Treasury freezes pension payments to ex-pats.
Mr Clark told MPs the Government was putting pension payments on hold until "at least " today to "ensure that any payments made by Her Majesty's Government to banks in Cyprus get to the intended recipient".
His statement came as the Cypriot government postponed a vote on the unprecedented one-off bank deposit tax, part of a wider bail-out package, until tomorrow.
Cypriot banks will remain closed until Thursday, as today's bank holiday has been extended by two days, the nation's central bank said.
The Cypriot government wants time to amend the deal reached over the weekend, which will raid ordinary people's savings to partly fund a bail-out.
Unlike the previous rescues for Greece, Portugal, Ireland and Spanish banks, the proposed Cypriot bailout is the first one that dips into people's bank accounts to finance a bailout.
In exchange for 10 billion euro (PS8.6bn) in rescue money, the government proposed a one-time tax of 6.75% on all bank deposits under 100,000 euro (PS86,490) and 9.9% over that amount.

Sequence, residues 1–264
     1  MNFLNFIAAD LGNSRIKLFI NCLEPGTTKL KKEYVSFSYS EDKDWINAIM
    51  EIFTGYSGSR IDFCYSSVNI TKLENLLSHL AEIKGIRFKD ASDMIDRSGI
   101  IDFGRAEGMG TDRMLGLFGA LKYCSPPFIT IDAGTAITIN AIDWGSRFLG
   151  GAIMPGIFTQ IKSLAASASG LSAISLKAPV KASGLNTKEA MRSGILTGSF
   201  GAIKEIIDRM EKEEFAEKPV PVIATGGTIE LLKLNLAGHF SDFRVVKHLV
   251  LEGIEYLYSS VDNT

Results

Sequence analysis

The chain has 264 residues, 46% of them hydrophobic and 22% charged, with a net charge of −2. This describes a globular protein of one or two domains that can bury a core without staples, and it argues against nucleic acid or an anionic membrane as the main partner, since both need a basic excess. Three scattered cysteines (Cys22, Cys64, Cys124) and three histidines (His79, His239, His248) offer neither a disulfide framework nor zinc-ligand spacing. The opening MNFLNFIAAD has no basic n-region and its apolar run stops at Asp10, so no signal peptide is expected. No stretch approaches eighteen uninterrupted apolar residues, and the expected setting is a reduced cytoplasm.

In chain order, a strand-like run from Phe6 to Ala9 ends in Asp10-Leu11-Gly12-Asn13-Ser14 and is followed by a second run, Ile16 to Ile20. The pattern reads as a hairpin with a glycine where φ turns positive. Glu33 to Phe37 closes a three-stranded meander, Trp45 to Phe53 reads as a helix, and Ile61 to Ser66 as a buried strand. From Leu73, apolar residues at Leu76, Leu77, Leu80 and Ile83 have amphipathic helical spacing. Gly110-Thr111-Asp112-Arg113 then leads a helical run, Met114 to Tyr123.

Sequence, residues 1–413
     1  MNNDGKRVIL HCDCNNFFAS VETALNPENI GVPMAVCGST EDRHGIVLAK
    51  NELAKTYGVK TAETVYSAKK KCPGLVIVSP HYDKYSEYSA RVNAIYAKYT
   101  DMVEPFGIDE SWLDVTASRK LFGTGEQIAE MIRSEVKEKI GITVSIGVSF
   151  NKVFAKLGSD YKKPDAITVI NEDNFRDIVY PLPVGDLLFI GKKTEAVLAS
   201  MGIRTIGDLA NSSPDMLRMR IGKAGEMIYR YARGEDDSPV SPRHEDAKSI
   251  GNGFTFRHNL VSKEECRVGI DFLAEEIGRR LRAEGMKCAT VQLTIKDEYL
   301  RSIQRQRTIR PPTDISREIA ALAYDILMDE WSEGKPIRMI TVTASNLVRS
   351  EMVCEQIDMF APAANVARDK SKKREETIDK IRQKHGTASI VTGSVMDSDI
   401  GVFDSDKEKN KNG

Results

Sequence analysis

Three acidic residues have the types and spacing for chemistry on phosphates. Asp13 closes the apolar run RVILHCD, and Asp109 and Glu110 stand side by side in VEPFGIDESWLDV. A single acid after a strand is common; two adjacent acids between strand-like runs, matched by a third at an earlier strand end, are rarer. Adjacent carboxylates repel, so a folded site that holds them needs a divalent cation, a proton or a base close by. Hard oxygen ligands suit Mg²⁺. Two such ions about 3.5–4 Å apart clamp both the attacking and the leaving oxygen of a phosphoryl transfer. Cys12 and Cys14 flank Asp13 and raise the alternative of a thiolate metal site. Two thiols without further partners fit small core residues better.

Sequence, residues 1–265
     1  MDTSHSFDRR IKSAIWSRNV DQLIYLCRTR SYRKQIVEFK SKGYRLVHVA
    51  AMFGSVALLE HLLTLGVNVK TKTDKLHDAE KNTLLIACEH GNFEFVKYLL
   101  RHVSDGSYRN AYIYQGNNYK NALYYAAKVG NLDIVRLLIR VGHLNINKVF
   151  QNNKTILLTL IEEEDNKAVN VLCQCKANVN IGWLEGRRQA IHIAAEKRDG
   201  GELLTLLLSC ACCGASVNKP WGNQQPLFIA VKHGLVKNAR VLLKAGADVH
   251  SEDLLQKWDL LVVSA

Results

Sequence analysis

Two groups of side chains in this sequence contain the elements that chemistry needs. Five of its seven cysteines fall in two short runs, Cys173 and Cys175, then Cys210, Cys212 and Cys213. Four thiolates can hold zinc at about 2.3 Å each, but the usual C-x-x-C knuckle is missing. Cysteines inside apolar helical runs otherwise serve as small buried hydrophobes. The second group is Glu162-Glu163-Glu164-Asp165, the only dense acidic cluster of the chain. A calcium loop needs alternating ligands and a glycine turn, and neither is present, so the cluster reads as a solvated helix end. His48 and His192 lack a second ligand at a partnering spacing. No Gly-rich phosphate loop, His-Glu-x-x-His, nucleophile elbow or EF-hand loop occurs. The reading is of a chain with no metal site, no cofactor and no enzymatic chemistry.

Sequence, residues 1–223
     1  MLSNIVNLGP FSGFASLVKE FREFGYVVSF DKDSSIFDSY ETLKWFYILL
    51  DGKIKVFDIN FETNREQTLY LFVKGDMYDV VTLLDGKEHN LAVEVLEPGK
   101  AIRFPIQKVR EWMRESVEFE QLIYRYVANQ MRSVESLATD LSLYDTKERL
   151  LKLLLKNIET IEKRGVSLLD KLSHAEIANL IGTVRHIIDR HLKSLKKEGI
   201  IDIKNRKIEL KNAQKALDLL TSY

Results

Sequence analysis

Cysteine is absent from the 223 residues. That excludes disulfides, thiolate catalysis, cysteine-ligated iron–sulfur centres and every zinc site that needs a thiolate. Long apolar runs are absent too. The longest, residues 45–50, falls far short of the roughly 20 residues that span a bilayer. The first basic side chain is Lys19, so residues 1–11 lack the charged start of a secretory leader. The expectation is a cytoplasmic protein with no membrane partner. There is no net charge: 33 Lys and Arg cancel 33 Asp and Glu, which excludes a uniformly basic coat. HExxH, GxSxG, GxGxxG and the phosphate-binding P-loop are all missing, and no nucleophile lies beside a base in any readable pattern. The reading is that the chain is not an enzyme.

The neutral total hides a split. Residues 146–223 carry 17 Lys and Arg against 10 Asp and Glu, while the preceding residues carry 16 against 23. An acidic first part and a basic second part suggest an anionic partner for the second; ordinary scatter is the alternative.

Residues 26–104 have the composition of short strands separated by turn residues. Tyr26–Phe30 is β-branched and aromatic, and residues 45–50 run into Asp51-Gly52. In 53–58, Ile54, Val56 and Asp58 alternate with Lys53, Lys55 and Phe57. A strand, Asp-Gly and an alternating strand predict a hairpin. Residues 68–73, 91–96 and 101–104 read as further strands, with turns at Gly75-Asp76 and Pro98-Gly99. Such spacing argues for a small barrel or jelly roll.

The bailout package, which has still to be finalised, involves the International Monetary Fund, European Central Bank and European Union.
But after prompting an outcry from depositors, the Cypriot government is now looking at changing the terms of the deal so that small savers lose less, while big depositors pay more.
Mr Clark reiterated the UK Government's commitment to compensate around 3,000 armed forces members stationed in Cyprus for "reasonable losses" incurred from the situation.
The "risky'' bank deposit tax would be "extremely dangerous'' for wider economic confidence, shadow treasury minister Chris Leslie said.
Several hundred people gathered outside the Cypriot parliament building yesterday with some chanting "thieves".
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|Publication:||The Journal (Newcastle, England)|
|Date:||Mar 19, 2013|
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